ECO-Tours only purchases trees and dirt to plant them in...

Thursday, March 29, 2012

What Are Ecotours?

I have been an ecotourist since before the term was coined. The clearest vision of what this term means to me is that the ECO part is first and the tour part is second. First off, ECO-Tours require an adaptability that can be found in nature. Not only do travelers adapt their own behaviors to become more integrated in the environment, but they take the time to realize the inevitable impacts that they may be bringing to the areas that they visit and actively work to offset them, thus preserving the integrity or enhancing the natural cohesion amongst the communities and niches that they find there. Eco-tours can be trans-formative, especially in this age. Not only for the planet and the ecology of an area, but for the individual who begins to see themselves as part of the larger whole than many of us could have imagined before the tour is taken.
A brief review of information on what is called Leave No Trace Camping allows us to understand more fully the possible mistakes that we could make when going intro the field. Leave No Trace gets serious about some of the principles that underlie the foundations of ECO-Tours. There are also several good resources regarding the Rap 101 (basic boring bullshit) that allows us to shift our perspective from seeking a Disneyland style, mediated experience and immersion in our natural surroundings. Environmentalists tend to focus on the physical world and the natural organisms and processes that take place in an area, but the ecotourist who stops there is also missing much of the experience. Human culture and responsible interaction with the native people is part of the process of transforming ourselves to not so much blend in, but to responsibly interact with the populations that will remain after the tourist departs.
Often, the ECO-Tour is the beginning of a heart to heart with a region, a specific river valley, a mountain or estuary. The Earth can literally speak to us in ways that exploitative tours can never approximate. Being engaged in the living processes of the landscape, we are able to see with new eyes. Years ago, I learned that in many places around the world, harvesting wood for fires is the number one cause of deforestation. bringing one's own fuel for cooking in these areas is essential if we are to not be part of the problem, or agents of negative change for native people. After we leave, the ripples continue to spread out across the living tapestry of life that we have interacted with. ECO-Tours reflect an awareness of this and seek to minimize the negative impacts while enhancing the sustainability of the natural systems that brought us to the area in the first place.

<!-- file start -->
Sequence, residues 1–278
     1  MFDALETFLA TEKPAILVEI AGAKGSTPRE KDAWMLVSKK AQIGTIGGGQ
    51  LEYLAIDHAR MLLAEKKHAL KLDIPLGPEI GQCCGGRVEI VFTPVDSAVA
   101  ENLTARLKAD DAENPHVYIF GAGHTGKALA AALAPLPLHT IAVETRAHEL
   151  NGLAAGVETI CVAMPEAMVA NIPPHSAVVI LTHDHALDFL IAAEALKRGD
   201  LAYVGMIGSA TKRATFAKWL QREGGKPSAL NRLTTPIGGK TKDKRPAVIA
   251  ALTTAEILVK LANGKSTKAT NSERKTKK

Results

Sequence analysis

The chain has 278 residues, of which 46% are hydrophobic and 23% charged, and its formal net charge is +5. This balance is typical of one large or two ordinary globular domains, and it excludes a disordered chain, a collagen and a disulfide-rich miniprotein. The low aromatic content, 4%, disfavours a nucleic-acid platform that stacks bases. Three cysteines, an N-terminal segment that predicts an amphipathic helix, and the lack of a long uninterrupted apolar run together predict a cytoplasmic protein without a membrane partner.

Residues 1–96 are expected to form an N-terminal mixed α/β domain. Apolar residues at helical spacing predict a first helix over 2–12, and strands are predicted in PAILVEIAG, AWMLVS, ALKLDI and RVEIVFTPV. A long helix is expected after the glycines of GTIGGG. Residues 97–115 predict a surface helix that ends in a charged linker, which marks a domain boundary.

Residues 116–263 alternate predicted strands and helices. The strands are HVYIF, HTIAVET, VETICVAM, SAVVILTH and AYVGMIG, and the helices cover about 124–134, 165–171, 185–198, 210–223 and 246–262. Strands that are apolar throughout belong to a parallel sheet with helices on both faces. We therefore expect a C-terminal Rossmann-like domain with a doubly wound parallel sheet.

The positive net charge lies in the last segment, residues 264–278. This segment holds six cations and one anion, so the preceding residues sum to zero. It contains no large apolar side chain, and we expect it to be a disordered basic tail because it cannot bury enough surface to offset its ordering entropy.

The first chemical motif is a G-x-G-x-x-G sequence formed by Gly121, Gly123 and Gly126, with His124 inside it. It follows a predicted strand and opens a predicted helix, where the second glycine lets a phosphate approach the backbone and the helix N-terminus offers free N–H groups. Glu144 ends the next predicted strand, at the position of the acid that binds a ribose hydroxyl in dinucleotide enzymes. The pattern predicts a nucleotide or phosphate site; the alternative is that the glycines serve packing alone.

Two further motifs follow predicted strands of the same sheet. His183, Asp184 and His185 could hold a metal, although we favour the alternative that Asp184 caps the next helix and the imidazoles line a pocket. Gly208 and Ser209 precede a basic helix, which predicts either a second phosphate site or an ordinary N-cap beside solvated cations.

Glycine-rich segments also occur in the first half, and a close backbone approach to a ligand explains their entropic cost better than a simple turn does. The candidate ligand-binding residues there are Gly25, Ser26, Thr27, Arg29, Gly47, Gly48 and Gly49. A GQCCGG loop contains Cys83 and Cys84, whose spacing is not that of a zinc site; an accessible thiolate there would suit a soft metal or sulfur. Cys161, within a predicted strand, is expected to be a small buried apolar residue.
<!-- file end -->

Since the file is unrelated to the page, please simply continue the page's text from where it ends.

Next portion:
Folks who used to hike and camp with me thought it odd that I frequently opted for smooth soled shoes and would even walk barefoot across the land. After years of scientific inquiry, this method of hiking has been found to be healthier for the environment in several ways. Deep lugs on the soles of our shoes can not only scar the path, if there is one, but create mud and rip at tiny root hairs close to the surface. They can transport invasive species from one location to another, creating damage that could blossom into a major threat years after we have gone home.
Years ago, I was given several nicknames by my travel companions. Tony Appleseed, God's Exterior Decorator and Crazy Guy to name a few. I would often work to do trail building and maintaining, working to minimize the possibility of wash outs on the trails, or making sure that the path would create the least damage by strategically placing stepping stones or creating retaining walls and laying downed trees across the hills, terracing and helping to build soil, thinning over planted mono-cultures or planting native plants in appropriate areas that would create habitat or slow erosion. the Earth has been my guide in ways that are difficult to put into words, but those who pay attention to what they are seeing, not just taking a glance at the natural world, but truly integrating with it will know of what I speak.
I have a friend who is an old hunter who has not taken an animal in over twenty years, although he has had many opportunities to do so. The last creature he fired upon was a wounded fawn who was trailing intestines out of a gaping hole in it's side created by another hunter, perhaps days earlier. The mercy he showed to that tiny creature stayed with him. He still carries a gun with him in the woods,"just in case" and so that other hunters don't question why he is there, but he is there for the experience of being in the woods, not just seeing it like a passerby might, but as a living breathing part of the environment. He has been taking ecotours for longer than the word has existed as well. although we all must find our way toward a future that remains illusive, knowing where we are at any specific moment and understanding our reason for being there as well as our purpose can liberate even the most caged mind, body and spirit. Often people who embark on tours of this kind reflect on what they have learned, not only about the planet, or a specific place, but what they have learned about themselves.